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View Full Version : The Joy of the Uke



JackLuis
11-13-2015, 06:33 PM
I was wondering about the jargon, terminology, of describing how different Ukes sound. I have a Zebra wood, lam, that with Phd strings sounds kind of bell like, while my Ohana spruce top with Fremont blacklines sounds "papery."

The Ohana is light and very responsive. I can hear my fingerprints on the strings, maybe?

Anyway I was switching back and forth listening to each different voice and playing as softly as possible and started laughing. :)

Inksplosive AL
11-13-2015, 07:17 PM
Careful now that laughter from playing a uke can be quite addictive.

Chopped Liver
11-14-2015, 01:03 AM
Seriously! Even mistakes on the uke make me laugh! It's just a happiness maker!

DownUpDave
11-14-2015, 04:24 AM
Seriously! Even mistakes on the uke make me laugh! It's just a happiness maker!

Funny you should say that (pun intended). Years ago when I tried to learn how to play acoustic guitar (was never successful) mistakes were irritating, maddening and frustrating. On the uke it is all just nice happy, happy. Maybe it is the nylon strings, whatever it is.......... it is a joyful noise

JackLuis
11-14-2015, 07:21 PM
Funny you should say that (pun intended). Years ago when I tried to learn how to play acoustic guitar (was never successful) mistakes were irritating, maddening and frustrating. On the uke it is all just nice happy, happy. Maybe it is the nylon strings, whatever it is.......... it is a joyful noise

Yep, agree. I have a guitar in the corner. I restrung it as a Baritone Uke (4 strings) and capoed the fifth fret when I thought about buying a Uke. But it was soooo big! I like a concert or tenor Uke much better, though I do miss the throaty bass of the guitar.

Even better is the instruction available now for the Uke.

I was playing around with the Howling Hobbits chord progressions and smiling all the while

I've always like nylon strings and the happy sound of the Uke is fun.

Nickie
11-18-2015, 07:36 AM
Glad to hear you are enjoying your uke so much! Lots of people put their guitars down, sell them, give them away, or play them a lot less when they take up the uke. I sold both my guitars.
Have fun!

Fleacia
11-18-2015, 08:48 AM
I've been playing over 10 years. Laughter and just overall goodness is still a regular thing. :D I'd say the nylon strings have at least something to do with that, and the small(er) instrument. But I wouldn't want to over analyze it - fun is fun in this case, and not hurting anyone.

I also play acoustic guitar. I only started last year, and I do enjoy playing. But it's not the same vibe I get from the uke, and mistakes irritate me no end!

pluck
11-19-2015, 09:20 AM
I was wondering about the jargon, terminology, of describing how different Ukes sound. I have a Zebra wood, lam, that with Phd strings sounds kind of bell like, while my Ohana spruce top with Fremont blacklines sounds "papery."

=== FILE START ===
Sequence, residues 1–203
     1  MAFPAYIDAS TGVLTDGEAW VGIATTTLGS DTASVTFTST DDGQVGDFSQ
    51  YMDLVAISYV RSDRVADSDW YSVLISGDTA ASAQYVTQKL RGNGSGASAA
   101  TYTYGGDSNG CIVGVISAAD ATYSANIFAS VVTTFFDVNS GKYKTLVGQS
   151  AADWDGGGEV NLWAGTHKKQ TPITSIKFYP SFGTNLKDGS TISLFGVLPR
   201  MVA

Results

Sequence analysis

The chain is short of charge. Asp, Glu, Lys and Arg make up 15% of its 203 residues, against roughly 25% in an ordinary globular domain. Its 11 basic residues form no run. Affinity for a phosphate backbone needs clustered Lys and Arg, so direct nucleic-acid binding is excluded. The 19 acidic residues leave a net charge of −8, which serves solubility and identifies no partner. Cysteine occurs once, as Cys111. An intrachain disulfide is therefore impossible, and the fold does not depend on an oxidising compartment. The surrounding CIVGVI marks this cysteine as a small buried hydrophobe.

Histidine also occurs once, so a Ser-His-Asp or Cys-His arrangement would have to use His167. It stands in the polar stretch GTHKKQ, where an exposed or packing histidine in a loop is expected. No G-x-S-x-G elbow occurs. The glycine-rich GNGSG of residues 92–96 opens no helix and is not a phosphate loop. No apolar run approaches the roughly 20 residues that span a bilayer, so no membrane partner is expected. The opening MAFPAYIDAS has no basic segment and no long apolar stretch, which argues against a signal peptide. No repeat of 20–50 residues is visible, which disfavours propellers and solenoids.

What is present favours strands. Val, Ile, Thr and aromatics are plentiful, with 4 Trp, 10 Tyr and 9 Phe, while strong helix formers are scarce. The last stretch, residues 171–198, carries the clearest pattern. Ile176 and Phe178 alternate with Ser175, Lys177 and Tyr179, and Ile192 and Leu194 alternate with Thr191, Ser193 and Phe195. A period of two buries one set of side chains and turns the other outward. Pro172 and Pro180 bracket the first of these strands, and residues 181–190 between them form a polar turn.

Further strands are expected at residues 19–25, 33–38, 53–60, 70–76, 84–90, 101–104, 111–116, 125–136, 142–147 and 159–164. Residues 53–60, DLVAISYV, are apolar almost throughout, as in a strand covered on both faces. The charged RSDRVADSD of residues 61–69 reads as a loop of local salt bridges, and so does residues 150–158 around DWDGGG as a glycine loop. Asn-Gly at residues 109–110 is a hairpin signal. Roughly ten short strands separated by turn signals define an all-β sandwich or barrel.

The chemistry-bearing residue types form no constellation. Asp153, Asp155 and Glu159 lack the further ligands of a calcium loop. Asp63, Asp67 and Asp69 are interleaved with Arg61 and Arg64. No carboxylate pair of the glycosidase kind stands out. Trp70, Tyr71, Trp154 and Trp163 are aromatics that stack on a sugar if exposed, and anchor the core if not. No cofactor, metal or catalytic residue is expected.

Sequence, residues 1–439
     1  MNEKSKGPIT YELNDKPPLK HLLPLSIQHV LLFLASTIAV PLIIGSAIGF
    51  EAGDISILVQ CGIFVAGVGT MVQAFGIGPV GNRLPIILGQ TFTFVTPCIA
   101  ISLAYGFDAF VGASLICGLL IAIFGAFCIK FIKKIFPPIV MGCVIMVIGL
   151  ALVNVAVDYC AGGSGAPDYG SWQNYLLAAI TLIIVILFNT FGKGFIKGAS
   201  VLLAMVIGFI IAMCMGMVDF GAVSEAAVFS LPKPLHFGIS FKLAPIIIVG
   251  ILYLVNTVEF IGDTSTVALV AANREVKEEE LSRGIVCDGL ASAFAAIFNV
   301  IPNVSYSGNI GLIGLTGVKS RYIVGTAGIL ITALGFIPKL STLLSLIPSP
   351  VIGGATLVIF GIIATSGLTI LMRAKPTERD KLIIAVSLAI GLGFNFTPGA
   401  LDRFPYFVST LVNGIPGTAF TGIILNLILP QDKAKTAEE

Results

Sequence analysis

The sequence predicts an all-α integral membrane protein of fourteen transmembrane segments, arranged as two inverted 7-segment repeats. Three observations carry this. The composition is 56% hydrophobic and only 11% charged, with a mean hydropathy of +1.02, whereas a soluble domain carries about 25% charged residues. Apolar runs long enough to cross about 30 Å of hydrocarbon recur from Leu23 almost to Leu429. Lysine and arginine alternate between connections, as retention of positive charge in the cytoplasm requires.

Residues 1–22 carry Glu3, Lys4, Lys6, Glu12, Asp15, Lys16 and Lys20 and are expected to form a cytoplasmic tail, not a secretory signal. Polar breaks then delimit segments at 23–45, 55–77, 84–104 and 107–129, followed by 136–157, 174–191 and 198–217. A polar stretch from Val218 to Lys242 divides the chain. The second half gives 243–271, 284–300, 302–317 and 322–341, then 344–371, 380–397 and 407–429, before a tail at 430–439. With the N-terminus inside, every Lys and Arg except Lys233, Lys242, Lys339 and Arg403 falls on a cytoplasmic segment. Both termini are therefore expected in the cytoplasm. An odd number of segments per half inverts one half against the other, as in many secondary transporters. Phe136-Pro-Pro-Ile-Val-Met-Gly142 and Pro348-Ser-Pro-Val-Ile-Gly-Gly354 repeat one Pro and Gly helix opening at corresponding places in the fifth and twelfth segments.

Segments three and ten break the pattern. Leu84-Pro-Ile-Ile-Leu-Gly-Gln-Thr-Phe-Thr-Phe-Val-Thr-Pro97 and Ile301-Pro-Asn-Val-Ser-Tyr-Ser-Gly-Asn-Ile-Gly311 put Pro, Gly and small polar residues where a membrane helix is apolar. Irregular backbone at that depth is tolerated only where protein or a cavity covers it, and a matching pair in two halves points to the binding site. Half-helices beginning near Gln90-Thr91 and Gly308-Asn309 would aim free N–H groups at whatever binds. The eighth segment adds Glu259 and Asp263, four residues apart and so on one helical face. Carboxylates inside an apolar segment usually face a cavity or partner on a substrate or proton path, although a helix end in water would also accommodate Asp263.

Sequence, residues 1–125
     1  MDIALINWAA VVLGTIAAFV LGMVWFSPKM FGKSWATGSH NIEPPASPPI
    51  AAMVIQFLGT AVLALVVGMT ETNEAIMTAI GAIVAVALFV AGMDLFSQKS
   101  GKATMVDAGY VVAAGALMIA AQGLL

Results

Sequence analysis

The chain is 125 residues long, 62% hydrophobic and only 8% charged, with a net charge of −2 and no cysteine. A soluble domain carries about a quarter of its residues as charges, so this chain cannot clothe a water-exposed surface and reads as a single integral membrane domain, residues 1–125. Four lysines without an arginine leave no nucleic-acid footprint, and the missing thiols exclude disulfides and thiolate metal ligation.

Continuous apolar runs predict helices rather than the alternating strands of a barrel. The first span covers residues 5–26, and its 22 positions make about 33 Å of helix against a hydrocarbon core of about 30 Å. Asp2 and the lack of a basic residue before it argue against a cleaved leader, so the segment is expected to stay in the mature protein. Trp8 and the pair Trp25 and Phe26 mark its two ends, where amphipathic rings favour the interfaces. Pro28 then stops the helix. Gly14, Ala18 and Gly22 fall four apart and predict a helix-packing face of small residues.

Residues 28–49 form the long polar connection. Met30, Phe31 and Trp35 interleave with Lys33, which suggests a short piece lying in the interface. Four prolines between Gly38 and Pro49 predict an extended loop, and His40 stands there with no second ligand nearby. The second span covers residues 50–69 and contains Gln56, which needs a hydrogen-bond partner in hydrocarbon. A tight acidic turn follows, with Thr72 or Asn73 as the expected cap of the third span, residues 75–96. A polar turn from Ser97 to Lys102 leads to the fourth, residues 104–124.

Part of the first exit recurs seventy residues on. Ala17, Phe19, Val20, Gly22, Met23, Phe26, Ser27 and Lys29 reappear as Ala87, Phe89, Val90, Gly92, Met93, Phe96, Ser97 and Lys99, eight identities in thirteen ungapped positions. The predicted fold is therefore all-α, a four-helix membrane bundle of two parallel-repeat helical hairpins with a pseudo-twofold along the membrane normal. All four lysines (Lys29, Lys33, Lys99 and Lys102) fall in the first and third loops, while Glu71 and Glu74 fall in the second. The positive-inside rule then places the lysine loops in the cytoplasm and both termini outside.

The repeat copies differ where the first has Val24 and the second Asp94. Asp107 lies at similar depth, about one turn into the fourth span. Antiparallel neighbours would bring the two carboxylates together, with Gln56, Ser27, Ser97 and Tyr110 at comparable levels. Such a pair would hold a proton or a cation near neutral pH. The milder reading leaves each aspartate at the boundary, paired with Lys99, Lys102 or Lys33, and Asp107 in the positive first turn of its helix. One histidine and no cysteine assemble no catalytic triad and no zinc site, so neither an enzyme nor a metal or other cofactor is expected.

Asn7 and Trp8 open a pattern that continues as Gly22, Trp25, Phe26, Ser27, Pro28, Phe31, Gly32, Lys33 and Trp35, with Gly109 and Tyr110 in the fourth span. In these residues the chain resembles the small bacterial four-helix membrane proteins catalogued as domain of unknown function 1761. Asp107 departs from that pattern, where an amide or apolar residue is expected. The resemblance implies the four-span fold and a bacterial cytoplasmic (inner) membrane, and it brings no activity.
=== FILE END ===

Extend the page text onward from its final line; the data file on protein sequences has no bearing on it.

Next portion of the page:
The Ohana is light and very responsive. I can hear my fingerprints on the strings, maybe?

Anyway I was switching back and forth listening to each different voice and playing as softly as possible and started laughing. :)

I mostly play my mahogany soprano. The sound from it is often described as a bark and with good reason. Raspy could be used to describe it also. I have a laminate soprano that can sound boxy to me at times. I think the thing I like about my solid soprano is that the sound is a combination of the sweet tone of the wood and percussive sound from the fingers on the strings. It's a very textured sound. When I pick up my tenor (which is nice but not as high a quality as my soprano) it sounds very sweet but it lacks the more complex sound that I get from the soprano.

JackLuis
11-19-2015, 04:24 PM
I mostly play my mahogany soprano. The sound from it is often described as a bark and with good reason. Raspy could be used to describe it also. I have a laminate soprano that can sound boxy to me at times. I think the thing I like about my solid soprano is that the sound is a combination of the sweet tone of the wood and percussive sound from the fingers on the strings. It's a very textured sound. When I pick up my tenor (which is nice but not as high a quality as my soprano) it sounds very sweet but it lacks the more complex sound that I get from the soprano.

I don't have a soprano but I have a zebra wood sopranino. It's hard to play for me, but it makes me smile when I can hit a chord cleanly. I loaned my tenor to my neighbor so he can try a Uke. It's making him happy I think, he's still learning to shift from C to F, next week he'll learn G7 then he'll be on his way. I successfully got my next door neighbor to buy a tenor. The three of us got together yesterday to fool around with Ukes we were all laughing.